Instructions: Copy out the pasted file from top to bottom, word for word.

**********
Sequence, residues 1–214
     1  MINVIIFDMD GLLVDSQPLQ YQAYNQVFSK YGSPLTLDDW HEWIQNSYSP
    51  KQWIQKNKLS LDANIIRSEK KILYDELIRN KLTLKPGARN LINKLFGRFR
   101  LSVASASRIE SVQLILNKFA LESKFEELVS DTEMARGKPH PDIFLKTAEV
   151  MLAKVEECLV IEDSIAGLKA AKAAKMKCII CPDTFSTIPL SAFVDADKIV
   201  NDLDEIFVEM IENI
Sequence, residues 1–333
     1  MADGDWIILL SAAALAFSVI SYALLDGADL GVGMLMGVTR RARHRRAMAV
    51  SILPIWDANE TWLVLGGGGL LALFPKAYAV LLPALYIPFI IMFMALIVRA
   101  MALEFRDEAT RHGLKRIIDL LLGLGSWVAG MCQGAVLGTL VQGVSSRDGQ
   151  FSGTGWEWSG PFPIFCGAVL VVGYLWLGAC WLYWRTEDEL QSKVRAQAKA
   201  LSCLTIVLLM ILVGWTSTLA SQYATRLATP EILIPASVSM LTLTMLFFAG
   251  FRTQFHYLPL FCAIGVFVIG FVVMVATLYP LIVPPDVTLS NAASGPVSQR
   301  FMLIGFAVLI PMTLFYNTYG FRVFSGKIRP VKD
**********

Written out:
Sequence, residues 1–214
     1  MINVIIFDMD GLLVDSQPLQ YQAYNQVFSK YGSPLTLDDW HEWIQNSYSP
    51  KQWIQKNKLS LDANIIRSEK KILYDELIRN KLTLKPGARN LINKLFGRFR
   101  LSVASASRIE SVQLILNKFA LESKFEELVS DTEMARGKPH PDIFLKTAEV
   151  MLAKVEECLV IEDSIAGLKA AKAAKMKCII CPDTFSTIPL SAFVDADKIV
   201  NDLDEIFVEM IENI
Sequence, residues 1–333
     1  MADGDWIILL SAAALAFSVI SYALLDGADL GVGMLMGVTR RARHRRAMAV
    51  SILPIWDANE TWLVLGGGGL LALFPKAYAV LLPALYIPFI IMFMALIVRA
   101  MALEFRDEAT RHGLKRIIDL LLGLGSWVAG MCQGAVLGTL VQGVSSRDGQ
   151  FSGTGWEWSG PFPIFCGAVL VVGYLWLGAC WLYWRTEDEL QSKVRAQAKA
   201  LSCLTIVLLM ILVGWTSTLA SQYATRLATP EILIPASVSM LTLTMLFFAG
   251  FRTQFHYLPL FCAIGVFVIG FVVMVATLYP LIVPPDVTLS NAASGPVSQR
   301  FMLIGFAVLI PMTLFYNTYG FRVFSGKIRP VKD